Running out of Creative Puff.

Paul Fairweather
3 min readJul 7, 2022

A windsock is a very clever piece of engineering.

My father took early retirement in his mid-50s from his position as Chief Engineer and Manager of the Works Department at the Brisbane City Council. He had spent his whole career as a public servant, initially as a young engineer working on the Tinaroo irrigation project near Mareeba in North Queensland, and then as Townsville City Engineer before moving to Brisbane.

After leaving the BCC, he tried his hand at a private practice. He worked as a construction engineer on various civil projects in the west, a role usually filled by much younger practitioners. His last position was General Manager for a truck manufacturing company in Pittsworth after it had gone into liquidation. I had never fully understood what drove him to leave a high profile, well-paid, secure position to take on hands-on, lower-paid positions.

In Fairweather Observations V5, I wrote about the different thinking styles that change as we age. Conceptual or Fluid in the first half of our careers, and Experimental or Crystalline in our later years.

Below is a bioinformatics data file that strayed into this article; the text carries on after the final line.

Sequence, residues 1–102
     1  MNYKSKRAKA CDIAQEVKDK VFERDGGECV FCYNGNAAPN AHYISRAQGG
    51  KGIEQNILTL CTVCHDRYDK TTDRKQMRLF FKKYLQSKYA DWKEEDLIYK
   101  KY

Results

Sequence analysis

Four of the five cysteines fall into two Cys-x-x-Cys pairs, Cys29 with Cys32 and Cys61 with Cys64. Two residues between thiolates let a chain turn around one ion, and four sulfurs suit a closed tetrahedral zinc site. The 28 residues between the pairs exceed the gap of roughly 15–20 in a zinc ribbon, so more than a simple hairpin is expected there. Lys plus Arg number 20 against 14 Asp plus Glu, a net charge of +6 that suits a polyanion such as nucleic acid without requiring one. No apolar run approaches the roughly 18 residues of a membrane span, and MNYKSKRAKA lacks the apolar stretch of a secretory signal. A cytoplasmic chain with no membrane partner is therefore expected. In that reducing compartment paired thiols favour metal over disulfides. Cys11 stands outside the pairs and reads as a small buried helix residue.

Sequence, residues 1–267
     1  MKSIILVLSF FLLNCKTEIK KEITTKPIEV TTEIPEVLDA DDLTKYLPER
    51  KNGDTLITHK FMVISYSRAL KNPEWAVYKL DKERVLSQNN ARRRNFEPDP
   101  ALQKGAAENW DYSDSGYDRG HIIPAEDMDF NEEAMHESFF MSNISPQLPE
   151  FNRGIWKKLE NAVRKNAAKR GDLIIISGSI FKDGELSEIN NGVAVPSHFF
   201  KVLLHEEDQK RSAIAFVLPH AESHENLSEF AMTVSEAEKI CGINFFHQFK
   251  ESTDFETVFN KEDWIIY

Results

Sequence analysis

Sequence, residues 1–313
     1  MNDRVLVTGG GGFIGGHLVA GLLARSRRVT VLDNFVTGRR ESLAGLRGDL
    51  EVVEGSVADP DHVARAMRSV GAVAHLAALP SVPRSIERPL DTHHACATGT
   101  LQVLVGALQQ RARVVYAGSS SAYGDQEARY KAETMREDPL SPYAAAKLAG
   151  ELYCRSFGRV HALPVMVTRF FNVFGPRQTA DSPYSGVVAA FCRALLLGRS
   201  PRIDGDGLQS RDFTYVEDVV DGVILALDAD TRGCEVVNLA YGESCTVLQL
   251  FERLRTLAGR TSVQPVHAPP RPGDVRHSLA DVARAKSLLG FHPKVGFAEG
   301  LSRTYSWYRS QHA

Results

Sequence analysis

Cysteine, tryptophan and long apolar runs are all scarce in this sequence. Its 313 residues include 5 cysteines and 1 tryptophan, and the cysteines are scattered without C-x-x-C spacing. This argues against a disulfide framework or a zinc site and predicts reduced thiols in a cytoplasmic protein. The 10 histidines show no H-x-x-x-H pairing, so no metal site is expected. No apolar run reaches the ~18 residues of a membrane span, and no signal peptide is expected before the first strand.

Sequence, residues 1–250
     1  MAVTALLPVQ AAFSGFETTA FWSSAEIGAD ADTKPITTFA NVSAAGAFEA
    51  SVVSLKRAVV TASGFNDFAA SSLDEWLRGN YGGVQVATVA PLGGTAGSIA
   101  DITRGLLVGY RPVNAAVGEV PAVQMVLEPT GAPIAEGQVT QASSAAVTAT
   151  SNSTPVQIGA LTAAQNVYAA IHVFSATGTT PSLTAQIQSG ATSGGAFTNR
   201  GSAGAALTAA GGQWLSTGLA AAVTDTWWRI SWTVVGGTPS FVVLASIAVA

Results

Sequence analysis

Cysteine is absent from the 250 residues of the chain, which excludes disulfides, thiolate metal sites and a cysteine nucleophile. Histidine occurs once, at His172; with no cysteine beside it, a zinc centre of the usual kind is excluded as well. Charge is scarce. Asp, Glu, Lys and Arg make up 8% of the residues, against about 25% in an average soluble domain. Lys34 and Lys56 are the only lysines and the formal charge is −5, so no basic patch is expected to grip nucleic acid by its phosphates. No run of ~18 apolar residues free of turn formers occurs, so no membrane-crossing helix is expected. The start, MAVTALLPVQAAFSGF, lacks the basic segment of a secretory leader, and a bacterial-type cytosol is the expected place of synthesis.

In his book From Strength to Strength, Arthur C Brooks makes a more profound distinction between these two very different thinking styles. It is not just when these different styles are more and less dominant; they grow and diminish in a semi-circular arc over time, like a long lob of a tennis ball. The arcs of each of these thinking types last for about 40 years. As such, we peak at around 20 years. From then on, while good at our jobs, the challenge of climbing and learning is gone. We tend to get burnt out or bored.

I never fully understood the windsock code until I looked for inspiration. I thought the red and white rings were, so they were easy to see. I now know that they are very accurate predictors of the strength of the wind. If the sock creases at the first colour change, the wind is 3 knots, the second crease — 5 knots, up to no creases at 15 knots or above. It is hard to tell the direction if there is little or no wind.

I think the same is true for our careers. When we start to run out of puff, it is hard to tell which direction we want to go.

I think my dad ran out of puff. After retirement, looking for a new direction, he found it very fulfilling to apply his career’s worth of knowledge to do things differently. A breath of fresh air for him.

Dad also took up painting in his later years, but that is another story.

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I am a speaker, writer, artist, and recovering architect.

My Talk BOLD, BRAVE and a bit QUIRKY is all about reinvention.

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